Nutrients for Life: Why garden?

At PinkTractor, we are all about being a resource to help you be your best farmer, farm wife, mom, and more. For our moms out there, it's important to start teaching your kids at a young age why farming is part of your family tradition! A great way to introduce farming to kids on a smaller scale is through gardening.

Before we get into the nitty gritty of gardening, we want to explain why gardening is not only a great hobby, but a great way to get your kiddos interested in the food they eat and the lifestyle that they will be a part of for (hopefully) years to come!

There are so many reasons to garden. Here are a few favorites:

Gardening brings my family together; talking, pulling, digging, singing, yelling, eating, laughing, working, planning, complaining, problem solving, crying, giggling. When we are in the garden together we are bonding and creating lasting memories. Sure, there are times I am the only one in the garden, but if my girls and husband are home, they want to be there, too. In fact, sometimes I find them out there enjoying the garden without me!


Growing our own food is part of a healthy active lifestyle. How many overweight gardeners do you know?  By instilling a sense of pride for our garden in my girls, I am hoping to also inspire a love of fresh air and healthy eating.

Connecting with nature fills my soul and rejuvenates my spirit. There is something miraculous about watching a seed germinate and grow.

The taste of garden fresh vegetables and fruit is mouthwatering delicious! Nothing compares! I never have to repeat, "eat your vegetables," because they love them. (Now that is something all moms can get behind!)


It's my way of farming. Growing up on a farm has never left me. Having my own little patch of cultivated soil brings me back to the rich memories of being a farm kid. I am proud to be the farmer's daughter and can speak truth to the character of today's farmers. I want my kids to know how lucky we are to have farmers feeding us when we don't have the time or space to grow our own food.


I want to pass this knowledge to another generation. I can't remember the first time I planted a seed in the soil, but I do know that as a toddler my mom was planting a garden and I am sure I was there to "help." I pass on her legacy every time I plant a seed with my girls.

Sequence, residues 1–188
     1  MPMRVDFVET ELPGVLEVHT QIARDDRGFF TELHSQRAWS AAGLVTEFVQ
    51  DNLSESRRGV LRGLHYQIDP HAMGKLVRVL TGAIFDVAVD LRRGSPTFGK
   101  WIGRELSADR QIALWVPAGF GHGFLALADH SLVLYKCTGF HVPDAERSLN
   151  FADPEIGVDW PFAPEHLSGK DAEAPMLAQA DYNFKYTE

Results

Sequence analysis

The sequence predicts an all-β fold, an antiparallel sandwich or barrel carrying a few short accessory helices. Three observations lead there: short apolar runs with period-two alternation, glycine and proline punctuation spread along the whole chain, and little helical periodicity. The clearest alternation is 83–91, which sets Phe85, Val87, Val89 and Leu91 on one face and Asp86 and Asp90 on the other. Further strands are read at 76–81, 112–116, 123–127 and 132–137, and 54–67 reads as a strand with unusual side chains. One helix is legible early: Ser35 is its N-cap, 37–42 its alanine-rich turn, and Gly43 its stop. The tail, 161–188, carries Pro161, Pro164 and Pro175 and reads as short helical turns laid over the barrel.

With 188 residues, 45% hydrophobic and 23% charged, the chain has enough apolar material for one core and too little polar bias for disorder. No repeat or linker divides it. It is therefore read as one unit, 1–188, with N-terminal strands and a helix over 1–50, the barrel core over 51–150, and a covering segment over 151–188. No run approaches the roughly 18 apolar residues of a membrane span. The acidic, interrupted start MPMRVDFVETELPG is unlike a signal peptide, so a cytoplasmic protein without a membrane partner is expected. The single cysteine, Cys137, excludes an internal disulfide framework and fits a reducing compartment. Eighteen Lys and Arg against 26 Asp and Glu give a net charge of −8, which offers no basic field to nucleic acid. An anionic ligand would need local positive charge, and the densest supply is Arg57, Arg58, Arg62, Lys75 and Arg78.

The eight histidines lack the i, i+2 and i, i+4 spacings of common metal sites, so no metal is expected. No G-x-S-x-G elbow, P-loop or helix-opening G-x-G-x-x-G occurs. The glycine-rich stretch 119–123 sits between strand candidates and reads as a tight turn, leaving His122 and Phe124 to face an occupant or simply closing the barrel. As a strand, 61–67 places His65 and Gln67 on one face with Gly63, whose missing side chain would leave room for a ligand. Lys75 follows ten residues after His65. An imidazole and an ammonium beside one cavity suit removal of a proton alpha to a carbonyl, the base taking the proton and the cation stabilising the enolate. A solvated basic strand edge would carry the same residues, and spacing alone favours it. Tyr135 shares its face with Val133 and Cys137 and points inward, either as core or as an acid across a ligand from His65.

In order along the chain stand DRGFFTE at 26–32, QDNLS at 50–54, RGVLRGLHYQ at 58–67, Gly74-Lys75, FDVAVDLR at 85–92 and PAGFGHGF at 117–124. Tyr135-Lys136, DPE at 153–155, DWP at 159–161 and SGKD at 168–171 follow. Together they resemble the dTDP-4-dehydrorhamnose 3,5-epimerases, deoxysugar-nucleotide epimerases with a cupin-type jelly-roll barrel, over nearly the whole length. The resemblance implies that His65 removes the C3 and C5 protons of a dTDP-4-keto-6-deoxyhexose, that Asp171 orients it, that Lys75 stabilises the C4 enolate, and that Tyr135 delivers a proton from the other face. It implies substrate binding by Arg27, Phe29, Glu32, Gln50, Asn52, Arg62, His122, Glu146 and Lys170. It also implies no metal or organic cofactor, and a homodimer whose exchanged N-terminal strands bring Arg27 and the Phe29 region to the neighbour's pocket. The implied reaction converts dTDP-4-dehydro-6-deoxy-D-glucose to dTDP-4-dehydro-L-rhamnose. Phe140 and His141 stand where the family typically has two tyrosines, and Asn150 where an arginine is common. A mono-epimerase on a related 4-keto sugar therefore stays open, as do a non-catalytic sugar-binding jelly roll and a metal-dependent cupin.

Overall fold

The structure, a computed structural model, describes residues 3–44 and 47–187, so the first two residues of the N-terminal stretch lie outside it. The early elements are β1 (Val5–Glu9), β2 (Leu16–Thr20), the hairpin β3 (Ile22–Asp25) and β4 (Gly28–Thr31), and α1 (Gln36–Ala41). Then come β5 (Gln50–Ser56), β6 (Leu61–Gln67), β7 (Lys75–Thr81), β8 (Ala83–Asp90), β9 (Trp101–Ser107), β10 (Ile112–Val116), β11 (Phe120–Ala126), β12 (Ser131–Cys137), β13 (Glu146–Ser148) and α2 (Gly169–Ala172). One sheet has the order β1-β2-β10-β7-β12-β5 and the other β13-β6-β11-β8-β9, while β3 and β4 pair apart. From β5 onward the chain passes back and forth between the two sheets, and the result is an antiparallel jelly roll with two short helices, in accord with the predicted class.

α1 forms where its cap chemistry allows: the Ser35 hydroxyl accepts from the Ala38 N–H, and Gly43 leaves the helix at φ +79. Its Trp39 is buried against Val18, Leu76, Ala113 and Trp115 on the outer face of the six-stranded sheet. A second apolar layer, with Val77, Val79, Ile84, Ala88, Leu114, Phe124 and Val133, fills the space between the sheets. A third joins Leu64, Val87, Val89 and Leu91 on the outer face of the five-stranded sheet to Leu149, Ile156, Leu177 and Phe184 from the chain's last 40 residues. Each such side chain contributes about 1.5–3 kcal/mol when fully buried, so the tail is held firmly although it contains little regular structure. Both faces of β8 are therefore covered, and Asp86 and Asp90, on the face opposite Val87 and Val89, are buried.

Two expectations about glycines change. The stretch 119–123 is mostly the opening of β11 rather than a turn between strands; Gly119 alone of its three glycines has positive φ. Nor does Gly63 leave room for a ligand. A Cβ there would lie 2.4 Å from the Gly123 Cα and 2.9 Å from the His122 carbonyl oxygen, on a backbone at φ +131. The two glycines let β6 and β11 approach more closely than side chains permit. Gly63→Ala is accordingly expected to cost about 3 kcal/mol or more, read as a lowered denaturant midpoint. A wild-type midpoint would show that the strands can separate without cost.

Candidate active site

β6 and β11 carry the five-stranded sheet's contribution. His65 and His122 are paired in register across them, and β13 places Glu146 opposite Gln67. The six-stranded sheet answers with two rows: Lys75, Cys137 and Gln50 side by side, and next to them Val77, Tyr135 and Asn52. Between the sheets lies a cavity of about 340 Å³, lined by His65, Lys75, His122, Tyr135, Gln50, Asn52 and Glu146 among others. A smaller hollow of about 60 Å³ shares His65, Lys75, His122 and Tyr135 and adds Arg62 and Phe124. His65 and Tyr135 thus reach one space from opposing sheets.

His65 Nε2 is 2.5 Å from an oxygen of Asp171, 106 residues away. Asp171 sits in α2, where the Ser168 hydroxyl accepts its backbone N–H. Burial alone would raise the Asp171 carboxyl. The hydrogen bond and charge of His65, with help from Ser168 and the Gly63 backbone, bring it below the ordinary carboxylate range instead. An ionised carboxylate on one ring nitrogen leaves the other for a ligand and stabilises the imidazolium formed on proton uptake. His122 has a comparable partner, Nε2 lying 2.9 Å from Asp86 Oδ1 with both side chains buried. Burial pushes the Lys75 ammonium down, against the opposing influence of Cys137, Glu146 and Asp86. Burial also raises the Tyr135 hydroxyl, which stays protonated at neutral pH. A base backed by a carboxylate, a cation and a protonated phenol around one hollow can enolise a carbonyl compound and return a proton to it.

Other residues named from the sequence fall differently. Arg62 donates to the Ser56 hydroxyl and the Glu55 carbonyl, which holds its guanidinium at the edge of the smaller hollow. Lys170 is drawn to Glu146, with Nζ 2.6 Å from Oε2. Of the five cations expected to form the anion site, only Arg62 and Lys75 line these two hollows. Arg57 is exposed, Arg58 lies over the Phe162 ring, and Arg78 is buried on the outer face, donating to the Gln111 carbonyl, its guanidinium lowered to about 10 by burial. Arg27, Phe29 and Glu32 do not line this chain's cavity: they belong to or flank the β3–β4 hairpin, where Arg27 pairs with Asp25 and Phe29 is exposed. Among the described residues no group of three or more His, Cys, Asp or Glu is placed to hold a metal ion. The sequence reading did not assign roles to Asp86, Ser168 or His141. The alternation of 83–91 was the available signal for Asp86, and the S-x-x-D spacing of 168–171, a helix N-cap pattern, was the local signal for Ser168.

Gardening is historical. I leave you with an excerpt from "Why Do People Garden?" written by Richardson Wright, Editor of House and Garden, May 1918.

A simple question, perhaps, on the face of it, and one to which a dozen answers spring to mind. They garden because they want to make their bit of earth beautiful with flowers, you say; or because they seek an excuse for useful occupation out in the spring sunshine; or because they enjoy the fresh corn and peas and beets which are the fruits of their labors.

Excellent reasons, all, and true so far as they go. But are they sufficient to explain the unbounded enthusiasm and the deep, quiet joy in his work which grow outward from the heart of the true gardener? These emotions are characteristic of tens of thousands the world over- men and women, rich and poor. Their cosmopolitan quality hints at more than merely practical, obvious causes.

No matter why you are interested in starting a garden, we promise you won't regret it. As you teach your kids that getting their hands dirty can be fun and that hard work reaps rewards, you will love seeing the lessons learned with this simple hobby. Not to mention, the delicious tomatoes you can enjoy as a family!


This information was shared by Nutrients for Life Foundation blogger Dee McKenna.


The Nutrients for Life Foundation spearheads the mission to educate students and the public about critical soil nutrients in our growing world.  Since its formation ten years ago, the Foundation has reached over 6 million students with resources such as "Nourishing the Planet in the 21st Century," the Smithsonian approved, STEM curriculum.  Nutrients for Life's 2013 partnership with Discovery Education has added a new dimension of innovative, interactive digital resources for the modern classroom.  The Nutrients for Life Foundation is a tax-exempt status organization described in Section 501(c)(3) of the Internal Revenue Code.

If you are interested in free soil science curriculum and resources, check out the Nutrients for Life Foundation website at

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